Where Is Knowledge Building Headed

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Keynote given by Professor Carl Bereiter at 2011 Knowledge Building Summer Institute in Guangzhou, China.

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Where Is Knowledge Building Headed

  1. 1. Where is Knowledge Building Heading? Carl Bereiter and Marlene Scardamalia Institute for Knowledge Innovation and Technology University of Toronto Knowledge Building Summer Institute Guangzhou, China July 9, 2011
  2. 2. OutlineKnowledge Building: A brief introductionA broader mission: Building cultural capacity for innovationLearning innovation by doing it Wider range of innovating activities Classroom as a center of creative cultureTheory development and theory improvement Knowledge Building becomes the heart of the curriculum Theory development not only in science Explanatory coherence and “rising above” Idea-centered evaluation at the group level Inter-group competition and comparisonThe BCCI vision: A worldwide knowledge-creating civilization thatvalues cultural differences
  3. 3. Knowledge Building The term is currently used in more than a million web documents, but seldom defined. Our definition:Knowledge building is producing knowledge of valueto a community, and continually improving it.• Synonymous with “knowledge creation” (Nonaka)• Common in knowledge-based organizations of all kinds;rare in schools.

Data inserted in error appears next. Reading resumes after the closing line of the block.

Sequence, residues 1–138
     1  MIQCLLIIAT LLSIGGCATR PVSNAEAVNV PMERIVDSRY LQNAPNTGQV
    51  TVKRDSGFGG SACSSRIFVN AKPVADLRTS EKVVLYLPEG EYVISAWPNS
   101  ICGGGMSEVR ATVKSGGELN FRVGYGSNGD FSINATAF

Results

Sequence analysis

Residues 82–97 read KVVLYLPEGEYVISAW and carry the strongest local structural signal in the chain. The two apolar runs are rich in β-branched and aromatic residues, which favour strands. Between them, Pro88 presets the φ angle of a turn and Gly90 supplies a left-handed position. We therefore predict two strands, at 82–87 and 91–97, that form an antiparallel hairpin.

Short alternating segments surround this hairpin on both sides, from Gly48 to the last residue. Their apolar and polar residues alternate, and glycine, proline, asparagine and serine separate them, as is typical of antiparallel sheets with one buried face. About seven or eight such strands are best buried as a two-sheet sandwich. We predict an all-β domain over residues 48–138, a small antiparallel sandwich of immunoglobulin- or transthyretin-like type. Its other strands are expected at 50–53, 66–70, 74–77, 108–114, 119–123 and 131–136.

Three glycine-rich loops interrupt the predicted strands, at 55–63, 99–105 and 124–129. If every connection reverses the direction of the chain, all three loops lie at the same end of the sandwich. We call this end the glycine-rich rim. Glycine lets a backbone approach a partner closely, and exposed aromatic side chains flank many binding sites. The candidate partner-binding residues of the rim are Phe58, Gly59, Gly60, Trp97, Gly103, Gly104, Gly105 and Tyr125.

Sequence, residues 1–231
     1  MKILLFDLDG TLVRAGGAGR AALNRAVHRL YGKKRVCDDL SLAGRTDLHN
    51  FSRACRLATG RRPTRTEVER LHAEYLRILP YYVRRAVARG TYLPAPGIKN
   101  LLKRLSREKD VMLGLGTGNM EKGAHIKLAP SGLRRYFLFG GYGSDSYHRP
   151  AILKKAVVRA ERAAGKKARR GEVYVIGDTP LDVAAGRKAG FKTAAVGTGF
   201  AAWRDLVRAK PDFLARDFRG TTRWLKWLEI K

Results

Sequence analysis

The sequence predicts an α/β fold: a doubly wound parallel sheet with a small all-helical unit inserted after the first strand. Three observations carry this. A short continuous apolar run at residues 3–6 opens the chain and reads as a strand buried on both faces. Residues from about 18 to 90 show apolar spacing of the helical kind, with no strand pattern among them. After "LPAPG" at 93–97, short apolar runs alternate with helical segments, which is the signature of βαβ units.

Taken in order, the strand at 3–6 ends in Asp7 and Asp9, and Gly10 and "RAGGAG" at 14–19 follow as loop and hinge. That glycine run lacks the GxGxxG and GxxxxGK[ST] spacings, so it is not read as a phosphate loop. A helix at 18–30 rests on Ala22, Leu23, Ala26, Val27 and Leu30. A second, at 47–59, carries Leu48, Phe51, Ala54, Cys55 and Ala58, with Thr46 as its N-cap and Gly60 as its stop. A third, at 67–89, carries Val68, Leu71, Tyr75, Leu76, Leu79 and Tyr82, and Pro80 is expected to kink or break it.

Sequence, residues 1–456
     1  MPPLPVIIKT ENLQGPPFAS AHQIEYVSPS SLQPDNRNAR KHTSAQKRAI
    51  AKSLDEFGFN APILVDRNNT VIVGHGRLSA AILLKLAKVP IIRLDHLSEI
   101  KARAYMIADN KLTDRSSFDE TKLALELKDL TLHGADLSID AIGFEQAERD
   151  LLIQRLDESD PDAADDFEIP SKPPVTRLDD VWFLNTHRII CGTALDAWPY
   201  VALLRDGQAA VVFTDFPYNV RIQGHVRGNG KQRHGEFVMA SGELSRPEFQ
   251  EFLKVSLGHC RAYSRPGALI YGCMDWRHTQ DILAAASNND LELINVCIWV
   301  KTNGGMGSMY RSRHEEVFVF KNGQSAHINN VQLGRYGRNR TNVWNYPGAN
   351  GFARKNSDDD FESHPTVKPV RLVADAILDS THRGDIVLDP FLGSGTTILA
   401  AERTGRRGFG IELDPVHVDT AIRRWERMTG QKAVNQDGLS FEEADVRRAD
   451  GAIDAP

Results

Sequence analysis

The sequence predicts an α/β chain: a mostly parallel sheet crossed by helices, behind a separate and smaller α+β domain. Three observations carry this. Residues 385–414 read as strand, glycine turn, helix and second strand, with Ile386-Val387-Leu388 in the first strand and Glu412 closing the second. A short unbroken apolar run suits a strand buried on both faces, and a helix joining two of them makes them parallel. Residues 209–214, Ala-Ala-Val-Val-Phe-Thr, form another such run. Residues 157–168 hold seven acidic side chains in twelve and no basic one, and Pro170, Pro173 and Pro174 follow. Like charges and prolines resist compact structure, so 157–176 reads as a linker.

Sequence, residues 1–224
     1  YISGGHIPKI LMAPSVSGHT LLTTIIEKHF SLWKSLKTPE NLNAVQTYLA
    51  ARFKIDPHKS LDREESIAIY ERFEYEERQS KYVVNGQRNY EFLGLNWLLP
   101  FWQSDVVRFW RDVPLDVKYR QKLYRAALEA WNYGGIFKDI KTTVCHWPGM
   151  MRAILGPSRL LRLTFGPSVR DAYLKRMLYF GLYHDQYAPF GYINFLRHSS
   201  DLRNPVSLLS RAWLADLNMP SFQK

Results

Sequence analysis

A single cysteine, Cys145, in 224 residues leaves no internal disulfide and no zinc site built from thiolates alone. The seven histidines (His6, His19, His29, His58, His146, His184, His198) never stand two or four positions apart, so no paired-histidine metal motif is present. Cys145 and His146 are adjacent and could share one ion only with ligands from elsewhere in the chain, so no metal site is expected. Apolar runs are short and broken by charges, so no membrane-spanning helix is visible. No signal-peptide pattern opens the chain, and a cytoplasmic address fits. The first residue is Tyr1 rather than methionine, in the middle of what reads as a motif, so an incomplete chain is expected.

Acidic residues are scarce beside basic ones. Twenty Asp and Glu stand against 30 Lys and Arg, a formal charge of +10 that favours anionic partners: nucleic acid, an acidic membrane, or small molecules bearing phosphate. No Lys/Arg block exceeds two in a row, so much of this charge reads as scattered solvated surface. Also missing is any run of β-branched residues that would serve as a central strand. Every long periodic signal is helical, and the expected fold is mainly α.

4. 4. Knowledge BuildingMember of the large family of constructivistapproaches to educationIf compelled to put into one sentence whatis different:giving students collective responsibilityfor idea improvement
  5. 5. Knowledge BuildingIn Knowledge Building all ideas areassumed to be improvableEngineers and designers do not evencontemplate the possibility of a final state ofperfection(Petroski, 2003).Knowledge building students and teachersdon’t either.